From Stories from Potomac County, available here.
A hog normally lies on its well-padded body or stands on all four trotters. It will occasionally sit on its haunches for short periods, body supported by the front legs and back-end in full contact with the ground. Upright, vertical, with front trotters waving in the air is not natural for a hog. General Jackson was starting to wake from his stupor. He was hungover and disoriented, both of which contributed to a bad temper. His body fell sideways toward the passenger door. As he scrabbled to gain his footing, he managed to wedge himself between the seat and the dashboard.
A hungover irate hog is neither quiet nor still. General Jackson struggled mightily, squealing at full volume. Two customers and the owner of the gas station came onto the store porch to gawp at the commotion. Carrion burst from the outhouse buttoning his fly as he ran, while Lukis, inside the little store, grabbed a six-pack of Hamm’s beer, threw two dollars on the unattended counter, and slammed through the door, nearly knocking one of the customers down the steps. The pickup was rocking from side to side.
Both Jemisons arrived at the truck at the same time. Carrion flung open the passenger door; Lukis stood just out of harm’s way holding the beer. Seeing a way out of his predicament through the open door, General Jackson redoubled his effort. The dashboard had stove-in and the front of the seat was crushed, giving just enough leeway for the hog to thrash himself up and out. Three-hundred-fifty pounds of prize Thornton pig made a fast break toward the darkening woods, tearing at full speed past the outhouse.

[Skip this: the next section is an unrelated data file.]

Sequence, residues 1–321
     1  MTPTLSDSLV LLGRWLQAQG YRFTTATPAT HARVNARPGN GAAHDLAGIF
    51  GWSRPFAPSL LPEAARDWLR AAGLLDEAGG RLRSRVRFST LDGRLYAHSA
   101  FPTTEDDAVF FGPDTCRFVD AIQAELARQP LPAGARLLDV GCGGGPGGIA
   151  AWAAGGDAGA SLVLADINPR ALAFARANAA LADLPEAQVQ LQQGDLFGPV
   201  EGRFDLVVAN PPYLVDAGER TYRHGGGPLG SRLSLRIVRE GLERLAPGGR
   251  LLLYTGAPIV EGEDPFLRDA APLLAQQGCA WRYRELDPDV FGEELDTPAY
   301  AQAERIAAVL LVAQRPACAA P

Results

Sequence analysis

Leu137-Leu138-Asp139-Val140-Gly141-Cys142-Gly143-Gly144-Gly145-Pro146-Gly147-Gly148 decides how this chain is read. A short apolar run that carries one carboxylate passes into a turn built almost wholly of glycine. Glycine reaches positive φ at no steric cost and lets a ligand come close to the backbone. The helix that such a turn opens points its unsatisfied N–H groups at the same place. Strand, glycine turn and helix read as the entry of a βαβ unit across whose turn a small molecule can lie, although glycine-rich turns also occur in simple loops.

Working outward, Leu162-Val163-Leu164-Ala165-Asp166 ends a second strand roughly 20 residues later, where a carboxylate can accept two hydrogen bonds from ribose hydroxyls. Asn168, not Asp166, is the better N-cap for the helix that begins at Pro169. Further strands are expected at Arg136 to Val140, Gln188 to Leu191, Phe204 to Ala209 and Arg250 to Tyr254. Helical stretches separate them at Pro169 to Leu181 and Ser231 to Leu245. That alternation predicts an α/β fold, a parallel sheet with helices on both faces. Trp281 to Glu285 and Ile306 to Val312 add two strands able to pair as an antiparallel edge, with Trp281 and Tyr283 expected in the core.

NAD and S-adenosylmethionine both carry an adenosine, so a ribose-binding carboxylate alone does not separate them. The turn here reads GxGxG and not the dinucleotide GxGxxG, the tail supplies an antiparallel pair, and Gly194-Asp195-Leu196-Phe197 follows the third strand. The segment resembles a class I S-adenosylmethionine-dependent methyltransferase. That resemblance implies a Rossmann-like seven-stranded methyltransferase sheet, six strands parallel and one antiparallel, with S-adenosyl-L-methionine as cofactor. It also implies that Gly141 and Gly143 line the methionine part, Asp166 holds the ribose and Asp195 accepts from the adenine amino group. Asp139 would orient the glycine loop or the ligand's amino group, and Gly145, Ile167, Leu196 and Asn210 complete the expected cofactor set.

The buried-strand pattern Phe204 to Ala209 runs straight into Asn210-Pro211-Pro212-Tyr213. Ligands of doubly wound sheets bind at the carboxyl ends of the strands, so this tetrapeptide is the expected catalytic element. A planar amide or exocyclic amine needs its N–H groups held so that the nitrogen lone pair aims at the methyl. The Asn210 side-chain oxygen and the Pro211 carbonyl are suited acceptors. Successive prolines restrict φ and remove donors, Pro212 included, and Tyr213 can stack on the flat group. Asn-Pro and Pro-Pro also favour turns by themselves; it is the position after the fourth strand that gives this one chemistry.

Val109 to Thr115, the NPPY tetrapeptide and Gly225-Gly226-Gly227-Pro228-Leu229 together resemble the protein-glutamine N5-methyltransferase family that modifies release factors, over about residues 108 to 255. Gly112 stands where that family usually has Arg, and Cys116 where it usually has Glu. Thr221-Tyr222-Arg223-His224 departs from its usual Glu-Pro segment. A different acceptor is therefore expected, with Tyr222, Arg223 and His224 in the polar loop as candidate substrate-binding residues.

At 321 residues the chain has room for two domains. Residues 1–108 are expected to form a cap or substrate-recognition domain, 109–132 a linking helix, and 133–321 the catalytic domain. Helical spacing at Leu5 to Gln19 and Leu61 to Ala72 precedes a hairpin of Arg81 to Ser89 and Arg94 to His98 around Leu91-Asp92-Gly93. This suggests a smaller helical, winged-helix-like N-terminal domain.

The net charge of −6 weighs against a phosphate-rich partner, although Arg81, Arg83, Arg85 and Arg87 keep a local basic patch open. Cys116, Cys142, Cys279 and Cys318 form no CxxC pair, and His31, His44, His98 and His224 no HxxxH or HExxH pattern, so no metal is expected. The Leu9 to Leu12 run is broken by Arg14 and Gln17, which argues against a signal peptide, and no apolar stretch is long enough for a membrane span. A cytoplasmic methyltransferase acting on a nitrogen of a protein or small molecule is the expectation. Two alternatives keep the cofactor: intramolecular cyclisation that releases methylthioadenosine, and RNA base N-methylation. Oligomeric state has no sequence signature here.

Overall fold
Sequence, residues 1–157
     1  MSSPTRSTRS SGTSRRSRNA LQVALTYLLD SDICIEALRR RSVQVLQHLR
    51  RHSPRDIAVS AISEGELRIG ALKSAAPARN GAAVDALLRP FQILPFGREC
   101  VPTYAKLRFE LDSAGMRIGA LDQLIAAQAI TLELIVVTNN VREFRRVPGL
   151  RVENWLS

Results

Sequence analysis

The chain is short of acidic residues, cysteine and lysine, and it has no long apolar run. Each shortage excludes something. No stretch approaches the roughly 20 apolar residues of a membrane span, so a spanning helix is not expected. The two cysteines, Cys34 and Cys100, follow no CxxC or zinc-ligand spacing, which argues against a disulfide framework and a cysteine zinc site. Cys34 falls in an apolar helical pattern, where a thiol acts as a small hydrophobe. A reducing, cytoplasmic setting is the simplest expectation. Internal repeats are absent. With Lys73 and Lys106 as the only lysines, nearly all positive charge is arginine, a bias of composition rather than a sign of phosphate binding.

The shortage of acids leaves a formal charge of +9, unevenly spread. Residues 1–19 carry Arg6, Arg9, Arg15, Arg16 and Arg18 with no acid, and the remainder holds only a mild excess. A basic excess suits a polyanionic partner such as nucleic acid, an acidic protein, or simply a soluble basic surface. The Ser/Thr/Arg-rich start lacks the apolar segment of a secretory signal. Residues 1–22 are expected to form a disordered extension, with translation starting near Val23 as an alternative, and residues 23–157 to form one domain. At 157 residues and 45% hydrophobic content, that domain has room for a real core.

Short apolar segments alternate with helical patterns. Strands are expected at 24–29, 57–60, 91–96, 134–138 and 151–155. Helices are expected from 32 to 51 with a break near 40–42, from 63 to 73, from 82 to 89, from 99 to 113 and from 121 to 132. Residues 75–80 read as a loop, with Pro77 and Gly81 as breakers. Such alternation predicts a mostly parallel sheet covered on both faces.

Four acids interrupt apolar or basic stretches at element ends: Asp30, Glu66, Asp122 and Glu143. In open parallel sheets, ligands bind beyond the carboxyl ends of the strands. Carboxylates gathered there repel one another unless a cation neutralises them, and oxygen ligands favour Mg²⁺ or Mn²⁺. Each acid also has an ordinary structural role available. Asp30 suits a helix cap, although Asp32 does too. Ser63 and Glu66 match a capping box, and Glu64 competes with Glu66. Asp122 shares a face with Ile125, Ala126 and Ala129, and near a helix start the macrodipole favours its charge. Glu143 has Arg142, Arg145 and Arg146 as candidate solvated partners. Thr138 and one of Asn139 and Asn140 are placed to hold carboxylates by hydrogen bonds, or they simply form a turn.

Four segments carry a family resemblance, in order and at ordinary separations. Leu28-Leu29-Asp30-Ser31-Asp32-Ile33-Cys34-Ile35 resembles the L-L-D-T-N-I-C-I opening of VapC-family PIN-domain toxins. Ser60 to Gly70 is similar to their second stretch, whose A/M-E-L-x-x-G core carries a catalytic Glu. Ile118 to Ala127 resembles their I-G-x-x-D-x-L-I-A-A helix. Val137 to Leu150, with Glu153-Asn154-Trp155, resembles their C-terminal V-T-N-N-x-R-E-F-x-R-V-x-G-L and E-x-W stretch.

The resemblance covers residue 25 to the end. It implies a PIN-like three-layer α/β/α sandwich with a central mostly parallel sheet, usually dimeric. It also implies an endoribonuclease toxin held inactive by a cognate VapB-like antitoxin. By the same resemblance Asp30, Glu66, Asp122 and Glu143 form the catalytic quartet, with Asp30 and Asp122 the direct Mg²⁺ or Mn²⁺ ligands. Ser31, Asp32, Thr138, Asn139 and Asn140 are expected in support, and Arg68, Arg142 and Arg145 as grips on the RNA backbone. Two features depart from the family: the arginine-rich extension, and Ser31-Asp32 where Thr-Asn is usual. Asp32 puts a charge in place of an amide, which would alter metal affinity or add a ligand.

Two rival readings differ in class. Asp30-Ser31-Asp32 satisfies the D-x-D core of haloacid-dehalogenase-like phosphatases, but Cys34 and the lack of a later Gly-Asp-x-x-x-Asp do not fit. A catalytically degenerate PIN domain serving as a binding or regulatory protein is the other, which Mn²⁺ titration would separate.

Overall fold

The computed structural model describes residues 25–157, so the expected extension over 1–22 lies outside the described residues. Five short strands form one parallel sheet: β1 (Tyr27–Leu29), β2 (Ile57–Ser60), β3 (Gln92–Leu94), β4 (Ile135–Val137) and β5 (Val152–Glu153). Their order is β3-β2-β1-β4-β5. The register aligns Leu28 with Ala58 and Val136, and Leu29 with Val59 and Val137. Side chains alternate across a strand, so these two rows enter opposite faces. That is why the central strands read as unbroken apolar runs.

Carrion gave chase in a half-hearted way while Lukis kept clear, still holding tightly his six-pack of beer. One Jemison running, the other standing still: neither stood any greater chance of catching the fleeing hog. General Jackson was in full escape mode. Much cussing, spitting, and arm-waving from Carrion followed his fruitless attempt to prevent the escape, but eventually both Jemisons settled down enough to drink three beers each without moving from the tailgate of the pickup. Lukis went back inside to get another six-pack for the ride home.
By the time they arrived in Jemison’s Holler having now consumed six beers each, they were just drunk enough that Poker’s derision and the jibes and insults from their other relatives had little effect. Tired, filthy, and half-drunk, both were too exhausted to punch or cut anyone. For the pig rustlers it was an early night.
Read more in Stories from Potomac County, available here.